Edge of Tomorrow‘s Angel of Verdun: Nuanced Female Characters

Why we need more Rita Vrataskis.

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This piece was originally published on Beacon. It was republished here with permission.

I hate the phrase “Strong Female Character.”

“Strong Female Character” carries with it a judgement that I don’t think its users intend. After all, what does “strong” mean? Does it mean physically strong (and so, are we defining strength according to stereotypically male criteria)? Does it mean emotionally strong (and so, does this mean that if a woman cries, falls in love, or protects her children she’s not strong)? Does it mean assertive and ambitious (and so, can more average women not be “strong characters?” And how do we square that with the fact that, with male protagonists, the Hero’s Journey is often defined by his starting out as an ineffectual schlub who grows into leadership. Was he not a “strong character” until the very end)?

My preferred phrase – and what I think most people mean when they say “Strong Female Character” – is Nuanced Female Character.

What those who want gender parity in pop culture want in their female characters is complexity. We want them to be more than girlfriends, doormats, or prizes to be won. We want them to have their own inner lives and goals in the stories we watch. Even if they’re not the protagonists, we want them to be fully-realized people, not caricatures. We want them to have strengths and flaws. We want them to have, or at least want and earn, agency. Most of all, we want them to have a reason to be in the story that doesn’t boil down to: Plot Device.

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Tasha Robinson wrote a great piece on “Trinity Syndrome” (introducing a “badass” female character in a film only to have her either disappear or become useless/helpless mid-movie so that the protagonist – generally a he – can come into his own. A la Trinity in The Matrix.) that I, sadly, agree with in many places. Especially in the case of Wyldstyle in The Lego Movie (which I couldn’t believe was good. But it WAS). However, the one place where I disagreed with her was her mixed interpretation of Rita Vrataski (played wonderfully by Emily Blunt) in Edge of Tomorrow.

Edge of Tomorrow tells the story of William Cage (Tom Cruise), a PR officer in the US Army who prefers being the talking head on news programs to actually fighting during an alien invasion that has taken over continental Europe. When he is ordered to embed himself in the NATO-led United Defense Force to cover a squad on the front lines in France, he does everything in his power to avoid going to no avail. He finds himself with a ragtag squad about to face the worst danger they’ve ever faced and ends up storming a beach with them despite his utter lack of battle experience.

We’re introduced to Rita Vrataski via military propaganda posters and footage. She is an International Hero for having killed hundreds of aliens (called Mimics) in a major battle at Verdun, France. Known as “The Angel of Verdun” by the press (and colloquially as “Full Metal Bitch”), her image is used to encourage military recruitment, and wherever she goes, awed gasps follow.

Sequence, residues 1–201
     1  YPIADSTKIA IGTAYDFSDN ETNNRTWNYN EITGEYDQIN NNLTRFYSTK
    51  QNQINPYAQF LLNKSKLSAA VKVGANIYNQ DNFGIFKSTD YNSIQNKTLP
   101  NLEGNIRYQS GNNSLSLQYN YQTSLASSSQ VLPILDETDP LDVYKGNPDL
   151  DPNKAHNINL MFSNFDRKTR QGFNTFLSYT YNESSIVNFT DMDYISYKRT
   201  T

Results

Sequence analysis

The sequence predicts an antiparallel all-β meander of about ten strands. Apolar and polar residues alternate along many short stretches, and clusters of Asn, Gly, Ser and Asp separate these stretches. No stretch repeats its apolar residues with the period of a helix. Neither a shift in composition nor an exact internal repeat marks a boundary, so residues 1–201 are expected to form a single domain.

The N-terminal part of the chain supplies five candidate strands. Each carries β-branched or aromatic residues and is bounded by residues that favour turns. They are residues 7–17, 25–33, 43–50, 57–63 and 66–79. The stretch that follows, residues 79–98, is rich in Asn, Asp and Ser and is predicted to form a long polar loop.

Both Rita and Cage are on the beach when the United Defense Force is ambushed by Mimics in France and the battle goes south.

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Of Rita, Robinson writes:

Edge Of Tomorrow features Emily Blunt as Rita, an ultra-tough female character who dies to motivate the male protagonist.(Repeatedly!) She starts off as the biggest bad-ass in her world, but is eventually surpassed by hero William Cage (Tom Cruise), who starts off as a bumbling fuck-up. She mostly exists in the story to provide Cage with information and cheer him on, and eventually validates him with a brief romantic moment.

While she goes on to praise the kind of female character Rita is, I couldn’t help but disagree with the first half of her assessment. To me, Rita Vrataski is exactly the kind of Nuanced Female Character we should encourage in film.

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Robinson’s declaration that Rita “dies to motivate the male protagonist” is just untrue. The first time Cage sees her die is when he’s in battle and on the verge of death himself. He recognizes her as the face of the human resistance against the alien invasion and is in awe of her. When she gets killed in front of him, Cage is terrified – if she can die, what hope is there for the rest of them?

Then he is killed, and we are introduced to the film’s central device. For some reason, he starts to live the same day over and over again (many have called this film “Groundhog Day with Aliens”), and watches the battle fail and everyone, including Rita and himself, dying over and over again. Eventually, he saves Rita, because he knows what’s going to happen.

The thing is, Rita recognizes his ability to know what’s going to happen and tells him to come find her again when he “wakes up.” As it turns out, he is not the first person this has happened to. It happened to her first, which is how she killed all those Mimics in Verdun. She had lots and lots of practice.

There is an interesting explanation as to why they received the ability to reset the day (and why Rita subsequently lost her ability), but the point here is that Rita dying isn’t something that exists to motivate Cage. It would’ve happened anyway, whether he was there or not, because they are dealing with a powerful enemy. What’s more, what motivates Cage isn’t watching Rita die. It’s trying to save himself. William Cage is extremely self-centered, which is why he was reluctant to go to the front lines in the first place. He doesn’t go through everything he goes through in the film “for a woman.” He goes through it to save his own hide. Saving Humanity would be a bonus.

Once Rita realizes that Cage has the ability she used to, she trains him and gives him a plan to follow – and he does. He’s basically following her instructions the entire film. Yes, he gets better and better in battle the more times he experiences the day – but he never surpasses her. He has to work to get up to her level.